Sobieraski heads a narcotics team in Rochester. He also is an endurance athlete who has swam across Lake Ontario and done many long distance runs, including for 50 hours straight last summer along the Erie Canal towpath.

He compared the election to another endurance challenge.

“This is an ultra-distance race I’m in,” he said.

Sobieraski said a stepped up law enforcement effort, targeting drug dealers, would reduce the opioid epidemic in the county.

Bower is seeking a second term for sheriff. He missed the Republican endorsement in 2015, when the committee backed Tom Drennan. Bower forced a primary and won.

Bower touted a record of accomplishment during his presentation to the committee. He and Sobieraski each were allowed to give a five-minute speech.

Bower noted an increased law enforcement presence in the rural areas of the county, so much that Lyndonville and Kendall school districts each are paying the county $100,000 to have a deputy assigned to the districts as a school resource officer.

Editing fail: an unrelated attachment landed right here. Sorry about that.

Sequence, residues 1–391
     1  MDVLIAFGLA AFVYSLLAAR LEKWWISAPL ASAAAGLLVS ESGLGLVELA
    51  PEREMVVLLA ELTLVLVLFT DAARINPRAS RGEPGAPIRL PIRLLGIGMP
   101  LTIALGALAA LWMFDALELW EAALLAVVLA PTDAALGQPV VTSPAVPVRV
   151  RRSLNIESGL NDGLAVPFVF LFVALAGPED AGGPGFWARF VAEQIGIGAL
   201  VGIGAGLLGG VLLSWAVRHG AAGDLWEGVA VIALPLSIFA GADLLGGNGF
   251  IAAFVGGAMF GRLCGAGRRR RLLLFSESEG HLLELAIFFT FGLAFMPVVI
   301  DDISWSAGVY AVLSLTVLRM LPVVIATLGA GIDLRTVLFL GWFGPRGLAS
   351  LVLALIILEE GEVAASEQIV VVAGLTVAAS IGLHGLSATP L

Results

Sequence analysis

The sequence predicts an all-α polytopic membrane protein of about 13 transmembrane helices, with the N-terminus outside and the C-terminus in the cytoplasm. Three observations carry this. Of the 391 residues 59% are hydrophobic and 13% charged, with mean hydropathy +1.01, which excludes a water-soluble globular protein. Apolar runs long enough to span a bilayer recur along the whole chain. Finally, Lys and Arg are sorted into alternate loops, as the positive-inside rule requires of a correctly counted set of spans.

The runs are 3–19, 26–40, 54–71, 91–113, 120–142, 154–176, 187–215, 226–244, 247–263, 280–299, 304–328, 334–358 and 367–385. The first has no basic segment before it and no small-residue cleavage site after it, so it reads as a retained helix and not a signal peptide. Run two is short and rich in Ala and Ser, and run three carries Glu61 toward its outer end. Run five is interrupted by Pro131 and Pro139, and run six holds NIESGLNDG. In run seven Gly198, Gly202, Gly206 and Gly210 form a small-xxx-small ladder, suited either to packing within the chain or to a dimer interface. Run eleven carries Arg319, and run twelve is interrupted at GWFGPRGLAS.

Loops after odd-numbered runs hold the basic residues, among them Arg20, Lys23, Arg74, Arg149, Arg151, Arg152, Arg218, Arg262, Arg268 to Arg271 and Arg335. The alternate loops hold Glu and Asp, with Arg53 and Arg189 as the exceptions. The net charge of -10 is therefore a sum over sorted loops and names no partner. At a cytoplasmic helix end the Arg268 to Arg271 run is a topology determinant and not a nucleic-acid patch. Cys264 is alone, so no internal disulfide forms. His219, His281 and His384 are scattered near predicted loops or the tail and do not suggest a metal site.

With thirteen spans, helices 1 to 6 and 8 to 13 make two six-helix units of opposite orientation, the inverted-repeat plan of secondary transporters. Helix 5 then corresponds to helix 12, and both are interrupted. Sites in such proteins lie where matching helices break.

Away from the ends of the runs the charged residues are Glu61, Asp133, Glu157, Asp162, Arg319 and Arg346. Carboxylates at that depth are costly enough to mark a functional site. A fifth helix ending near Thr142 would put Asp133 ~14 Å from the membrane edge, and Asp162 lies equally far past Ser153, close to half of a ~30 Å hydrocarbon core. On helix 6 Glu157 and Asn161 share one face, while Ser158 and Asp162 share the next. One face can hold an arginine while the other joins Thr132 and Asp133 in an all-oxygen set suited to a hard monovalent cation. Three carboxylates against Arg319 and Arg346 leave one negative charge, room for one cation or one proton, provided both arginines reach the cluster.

Randy Bower speaks to local high school students during a leadership forum last March.

Bower previously worked as a county dispatcher in the Public Safety Building. He wanted state police cars to be included in dispatch and that is now happening. The DEC conservation officers also are expected to be added soon.

The county has expanded animal control services and is having those officers trained as peace officers. The Civil Division has increased expectations to promptly process orders of conviction.

Bower has also pushed to expand services to fight the opioid epidemic, including a treatment program in the county jail. The federal government is funding that program with GCASA providing the treatment.